EDITORIAL: On the table

SpaceX neighbors weigh safety, fairness in offer

SpaceX continue their test on their Starhopper at Boca Chica Beach, successfully hovering 500 feet above the launch site and safely landing on the SpaceX Launch Pad on Tuesday, Aug. 27, 2019. (Miguel Roberts | The Brownsville Herald)

Plans for the SpaceX facility at Boca Chica Beach are evolving, and that could change the prospects for residents of Boca Chica Village, a housing community located less than two miles from the launch site.

That’s well within the three-mile safety zone NASA has imposed for its launch sites such as Cape Canaveral in Florida. That distance was set for the Saturn V rockets that sent the Apollo capsules to the moon. SpaceX plans more powerful rockets to propel ships to Mars. The company says those rockets will be tested and could even launch from the Boca Chica site, and they will require wider safety zones.

SpaceX last month sent letters to Boca Chica Village residents, offering to buy their property. At least some residents, however, have said they want to stay.

Initially, the letters gave residents two weeks to accept the offer, and said the stated terms were not negotiable. However, the term reportedly has been extended to allow time for new property valuations, which probably will affect the offered prices.

We hope the process will be fair and all sides deal in good faith, and that SpaceX will not ask Cameron County to invoke eminent domain — the forcible taking of the property, presumably for the greater public good — and force the residents from their homes.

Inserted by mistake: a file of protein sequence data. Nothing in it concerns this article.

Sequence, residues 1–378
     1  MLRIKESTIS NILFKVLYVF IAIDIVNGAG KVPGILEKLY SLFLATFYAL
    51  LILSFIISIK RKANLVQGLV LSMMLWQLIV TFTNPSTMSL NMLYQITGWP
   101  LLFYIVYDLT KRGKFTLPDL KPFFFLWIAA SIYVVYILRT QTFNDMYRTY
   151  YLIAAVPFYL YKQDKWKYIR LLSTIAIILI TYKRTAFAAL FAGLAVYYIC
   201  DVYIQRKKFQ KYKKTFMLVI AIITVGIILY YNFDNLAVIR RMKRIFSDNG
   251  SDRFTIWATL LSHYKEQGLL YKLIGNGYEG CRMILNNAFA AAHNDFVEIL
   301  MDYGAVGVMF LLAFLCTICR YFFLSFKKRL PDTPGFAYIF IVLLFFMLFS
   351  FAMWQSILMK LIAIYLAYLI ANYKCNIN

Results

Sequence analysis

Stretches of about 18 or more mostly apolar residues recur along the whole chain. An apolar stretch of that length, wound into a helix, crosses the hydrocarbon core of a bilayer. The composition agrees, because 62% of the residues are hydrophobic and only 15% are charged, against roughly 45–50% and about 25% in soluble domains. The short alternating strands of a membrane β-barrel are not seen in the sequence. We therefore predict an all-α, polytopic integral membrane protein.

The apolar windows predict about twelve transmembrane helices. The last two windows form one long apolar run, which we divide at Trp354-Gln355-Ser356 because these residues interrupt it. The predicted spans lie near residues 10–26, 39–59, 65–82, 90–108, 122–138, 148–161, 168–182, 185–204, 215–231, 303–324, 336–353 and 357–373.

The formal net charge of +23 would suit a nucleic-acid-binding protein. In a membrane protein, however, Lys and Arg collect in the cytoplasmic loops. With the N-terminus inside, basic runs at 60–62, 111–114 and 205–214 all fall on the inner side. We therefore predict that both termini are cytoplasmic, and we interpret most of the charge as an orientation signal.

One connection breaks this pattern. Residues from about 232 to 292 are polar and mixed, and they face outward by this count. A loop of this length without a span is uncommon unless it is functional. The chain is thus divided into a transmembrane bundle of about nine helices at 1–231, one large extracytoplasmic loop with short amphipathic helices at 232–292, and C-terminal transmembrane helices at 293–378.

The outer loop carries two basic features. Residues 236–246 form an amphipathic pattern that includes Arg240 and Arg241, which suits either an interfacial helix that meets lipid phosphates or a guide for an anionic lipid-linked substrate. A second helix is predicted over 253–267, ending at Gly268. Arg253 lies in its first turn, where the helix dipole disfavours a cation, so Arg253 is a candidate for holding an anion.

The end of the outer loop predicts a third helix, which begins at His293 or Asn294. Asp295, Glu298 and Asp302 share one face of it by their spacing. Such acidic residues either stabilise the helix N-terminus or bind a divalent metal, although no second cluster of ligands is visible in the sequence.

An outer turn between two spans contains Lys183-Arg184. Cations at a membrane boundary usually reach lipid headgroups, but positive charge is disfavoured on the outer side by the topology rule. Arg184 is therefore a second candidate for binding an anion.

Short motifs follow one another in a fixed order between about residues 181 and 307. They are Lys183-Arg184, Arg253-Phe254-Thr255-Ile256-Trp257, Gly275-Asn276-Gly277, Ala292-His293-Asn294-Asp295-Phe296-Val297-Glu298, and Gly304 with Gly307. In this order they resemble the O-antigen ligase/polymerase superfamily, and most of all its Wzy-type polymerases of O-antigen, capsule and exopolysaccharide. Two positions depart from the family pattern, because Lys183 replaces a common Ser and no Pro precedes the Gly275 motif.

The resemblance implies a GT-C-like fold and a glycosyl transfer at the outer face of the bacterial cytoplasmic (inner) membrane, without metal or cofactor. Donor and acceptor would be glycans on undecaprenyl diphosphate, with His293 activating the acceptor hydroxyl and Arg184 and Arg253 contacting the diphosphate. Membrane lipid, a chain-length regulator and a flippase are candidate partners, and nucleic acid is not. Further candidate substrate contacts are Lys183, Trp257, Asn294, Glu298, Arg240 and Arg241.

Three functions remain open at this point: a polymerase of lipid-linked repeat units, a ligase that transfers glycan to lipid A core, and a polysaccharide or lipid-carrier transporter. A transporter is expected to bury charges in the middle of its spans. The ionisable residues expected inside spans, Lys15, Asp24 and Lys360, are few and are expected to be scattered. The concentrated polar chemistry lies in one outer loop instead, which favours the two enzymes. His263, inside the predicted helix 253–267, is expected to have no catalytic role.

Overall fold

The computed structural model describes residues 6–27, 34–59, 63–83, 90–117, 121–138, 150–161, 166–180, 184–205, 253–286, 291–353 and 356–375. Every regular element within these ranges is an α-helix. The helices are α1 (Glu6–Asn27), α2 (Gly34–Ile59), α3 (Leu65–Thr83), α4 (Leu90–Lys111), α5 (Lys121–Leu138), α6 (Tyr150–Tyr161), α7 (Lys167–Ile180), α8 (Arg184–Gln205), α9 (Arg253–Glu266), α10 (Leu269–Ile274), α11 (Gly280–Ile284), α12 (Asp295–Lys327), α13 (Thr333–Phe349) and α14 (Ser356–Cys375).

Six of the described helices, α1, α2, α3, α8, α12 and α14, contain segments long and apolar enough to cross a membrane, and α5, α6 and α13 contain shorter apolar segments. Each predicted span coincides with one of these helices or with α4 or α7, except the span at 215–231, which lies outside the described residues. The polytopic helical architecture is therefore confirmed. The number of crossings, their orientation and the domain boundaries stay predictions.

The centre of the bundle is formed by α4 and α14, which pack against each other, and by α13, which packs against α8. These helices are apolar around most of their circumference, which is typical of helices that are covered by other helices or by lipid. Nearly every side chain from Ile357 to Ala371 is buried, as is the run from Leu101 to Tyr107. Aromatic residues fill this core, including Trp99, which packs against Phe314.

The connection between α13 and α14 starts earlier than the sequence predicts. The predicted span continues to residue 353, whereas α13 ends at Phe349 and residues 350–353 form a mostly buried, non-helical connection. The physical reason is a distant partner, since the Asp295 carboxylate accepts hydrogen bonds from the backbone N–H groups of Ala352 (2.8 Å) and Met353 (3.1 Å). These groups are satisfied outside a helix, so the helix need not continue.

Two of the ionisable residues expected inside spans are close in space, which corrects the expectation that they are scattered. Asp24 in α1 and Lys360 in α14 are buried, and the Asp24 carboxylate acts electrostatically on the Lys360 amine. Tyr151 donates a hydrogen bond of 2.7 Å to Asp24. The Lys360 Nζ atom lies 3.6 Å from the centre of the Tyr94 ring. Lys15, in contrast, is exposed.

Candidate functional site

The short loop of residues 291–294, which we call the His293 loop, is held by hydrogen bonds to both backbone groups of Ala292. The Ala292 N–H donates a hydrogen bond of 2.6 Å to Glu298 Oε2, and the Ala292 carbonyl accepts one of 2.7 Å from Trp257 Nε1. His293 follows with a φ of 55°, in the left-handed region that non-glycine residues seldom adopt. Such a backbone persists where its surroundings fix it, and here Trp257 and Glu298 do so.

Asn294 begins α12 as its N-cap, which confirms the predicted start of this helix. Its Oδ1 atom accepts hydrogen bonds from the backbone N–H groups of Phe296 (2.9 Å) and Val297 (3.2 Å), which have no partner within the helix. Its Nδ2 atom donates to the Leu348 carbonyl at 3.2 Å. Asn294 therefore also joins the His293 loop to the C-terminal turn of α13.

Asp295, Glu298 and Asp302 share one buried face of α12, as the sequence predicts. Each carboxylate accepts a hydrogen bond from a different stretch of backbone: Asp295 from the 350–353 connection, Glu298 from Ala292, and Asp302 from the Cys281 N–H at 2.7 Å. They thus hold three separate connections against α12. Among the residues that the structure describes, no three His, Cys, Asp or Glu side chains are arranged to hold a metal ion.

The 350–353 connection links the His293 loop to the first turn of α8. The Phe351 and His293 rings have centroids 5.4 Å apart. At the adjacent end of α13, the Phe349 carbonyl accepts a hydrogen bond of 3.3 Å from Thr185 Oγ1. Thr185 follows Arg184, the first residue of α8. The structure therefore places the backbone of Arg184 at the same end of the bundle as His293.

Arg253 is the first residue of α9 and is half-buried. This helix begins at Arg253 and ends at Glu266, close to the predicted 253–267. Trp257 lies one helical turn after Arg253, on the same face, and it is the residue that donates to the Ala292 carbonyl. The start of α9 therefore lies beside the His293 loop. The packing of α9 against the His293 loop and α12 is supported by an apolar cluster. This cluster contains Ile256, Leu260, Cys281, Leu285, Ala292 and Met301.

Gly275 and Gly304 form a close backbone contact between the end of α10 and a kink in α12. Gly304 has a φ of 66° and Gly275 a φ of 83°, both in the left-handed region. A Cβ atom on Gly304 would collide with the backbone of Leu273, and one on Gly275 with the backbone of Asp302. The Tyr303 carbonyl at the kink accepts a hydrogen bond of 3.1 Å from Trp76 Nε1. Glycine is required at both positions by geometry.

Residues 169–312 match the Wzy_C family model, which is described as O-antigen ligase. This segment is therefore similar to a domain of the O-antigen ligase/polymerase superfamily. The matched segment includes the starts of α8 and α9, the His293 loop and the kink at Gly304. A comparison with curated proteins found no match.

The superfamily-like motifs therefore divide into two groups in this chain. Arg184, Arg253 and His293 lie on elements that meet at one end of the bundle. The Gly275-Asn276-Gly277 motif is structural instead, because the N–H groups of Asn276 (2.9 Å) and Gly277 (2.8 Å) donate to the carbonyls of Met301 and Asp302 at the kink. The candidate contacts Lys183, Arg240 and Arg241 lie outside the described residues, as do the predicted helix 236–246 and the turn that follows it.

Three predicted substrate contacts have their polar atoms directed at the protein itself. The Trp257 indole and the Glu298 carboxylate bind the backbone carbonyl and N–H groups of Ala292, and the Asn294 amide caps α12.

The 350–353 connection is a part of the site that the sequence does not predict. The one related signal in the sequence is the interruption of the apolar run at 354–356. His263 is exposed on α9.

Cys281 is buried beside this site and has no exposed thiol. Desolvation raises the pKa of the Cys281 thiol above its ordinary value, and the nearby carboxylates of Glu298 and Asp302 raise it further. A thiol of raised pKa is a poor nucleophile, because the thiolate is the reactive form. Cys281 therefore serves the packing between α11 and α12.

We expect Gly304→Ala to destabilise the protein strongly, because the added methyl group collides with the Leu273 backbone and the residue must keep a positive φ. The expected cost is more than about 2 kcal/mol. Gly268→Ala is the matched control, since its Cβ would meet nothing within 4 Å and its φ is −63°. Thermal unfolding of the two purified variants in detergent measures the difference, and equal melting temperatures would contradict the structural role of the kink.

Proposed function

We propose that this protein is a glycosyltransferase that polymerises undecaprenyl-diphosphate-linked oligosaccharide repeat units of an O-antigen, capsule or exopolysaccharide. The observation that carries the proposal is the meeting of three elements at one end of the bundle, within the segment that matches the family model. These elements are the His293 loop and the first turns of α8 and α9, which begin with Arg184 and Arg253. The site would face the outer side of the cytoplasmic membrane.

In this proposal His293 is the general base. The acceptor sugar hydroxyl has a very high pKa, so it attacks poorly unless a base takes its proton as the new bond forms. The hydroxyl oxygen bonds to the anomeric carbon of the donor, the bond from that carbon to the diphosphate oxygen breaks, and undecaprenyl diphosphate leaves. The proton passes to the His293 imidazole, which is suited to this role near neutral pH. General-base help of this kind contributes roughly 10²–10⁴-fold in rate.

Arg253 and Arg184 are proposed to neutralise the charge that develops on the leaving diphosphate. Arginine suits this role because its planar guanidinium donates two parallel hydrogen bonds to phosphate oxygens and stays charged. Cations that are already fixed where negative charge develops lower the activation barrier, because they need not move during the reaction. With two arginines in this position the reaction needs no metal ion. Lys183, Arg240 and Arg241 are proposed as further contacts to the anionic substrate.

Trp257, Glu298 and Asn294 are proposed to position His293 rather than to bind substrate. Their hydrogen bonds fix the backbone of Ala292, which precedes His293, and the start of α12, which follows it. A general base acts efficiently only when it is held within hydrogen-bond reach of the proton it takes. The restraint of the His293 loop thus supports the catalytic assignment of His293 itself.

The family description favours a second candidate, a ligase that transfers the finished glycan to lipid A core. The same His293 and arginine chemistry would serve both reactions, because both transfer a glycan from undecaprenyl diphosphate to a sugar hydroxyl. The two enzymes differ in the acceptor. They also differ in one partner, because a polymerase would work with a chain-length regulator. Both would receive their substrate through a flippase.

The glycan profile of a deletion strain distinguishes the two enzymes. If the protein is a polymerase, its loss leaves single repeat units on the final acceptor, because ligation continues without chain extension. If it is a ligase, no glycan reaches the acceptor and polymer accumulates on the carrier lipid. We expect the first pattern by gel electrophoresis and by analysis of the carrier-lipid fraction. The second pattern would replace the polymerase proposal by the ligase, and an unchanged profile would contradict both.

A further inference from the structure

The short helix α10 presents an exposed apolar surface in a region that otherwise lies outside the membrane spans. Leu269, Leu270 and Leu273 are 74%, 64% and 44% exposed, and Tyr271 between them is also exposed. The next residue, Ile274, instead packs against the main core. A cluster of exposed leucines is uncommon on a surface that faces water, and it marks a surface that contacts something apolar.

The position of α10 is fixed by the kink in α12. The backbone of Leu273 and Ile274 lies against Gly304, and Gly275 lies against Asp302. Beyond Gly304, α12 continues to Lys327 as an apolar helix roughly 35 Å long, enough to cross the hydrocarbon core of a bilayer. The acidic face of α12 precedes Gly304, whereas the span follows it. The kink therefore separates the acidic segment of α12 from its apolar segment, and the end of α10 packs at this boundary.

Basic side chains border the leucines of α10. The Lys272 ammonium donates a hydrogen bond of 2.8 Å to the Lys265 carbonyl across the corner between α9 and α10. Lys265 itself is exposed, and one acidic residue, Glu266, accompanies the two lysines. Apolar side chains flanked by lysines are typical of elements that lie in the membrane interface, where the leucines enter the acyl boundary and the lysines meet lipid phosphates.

The letter states that in addition to a purchase price the company says is above appraised value, sellers will receive VIP access to view launches from within the protected SpaceX facility.

Currently, the residents are being asked to evacuate the area for rocket tests, and there are many reasons why that evacuation is needed. The first and most obvious is the danger of possible failure. A rocket explosion could destroy the homes — not only from the concussion but from shrapnel.

Even successful launches pose dangers, as we found when flames from a July 25 rocket test ignited a brushfire that burned 100 acres nearby.

Fire isn’t the only concern. The homes face possible damage from the pressure from both the exhaust and the noise. The rockets produce more than 200 decibels of sound; 140 dB produces physical pain, and at higher levels sound waves actually are felt as shock waves that can damage buildings.

Longtime Rio Grande Valley residents might remember seismic testing that a gas company conducted in the area a little more than a decade ago. Those tests cracked walls, shattered windows and loosened foundations.

Those seismic “thumps” pale in comparison to the shock waves a rocket launch produces.

Residents of Boca Chica Village, which originally was known as Kopernik Shores, have endured a lot over the years. The subdivision was build decades ago, too far out to receive utility service, and residents even had to endure years of truckedin water after their tank collapsed. Forced removal would be a final indignity that the residents don’t deserve.

We hope their dealings with SpaceX over their future, whatever it might be, are constructive and beneficial for all concerned.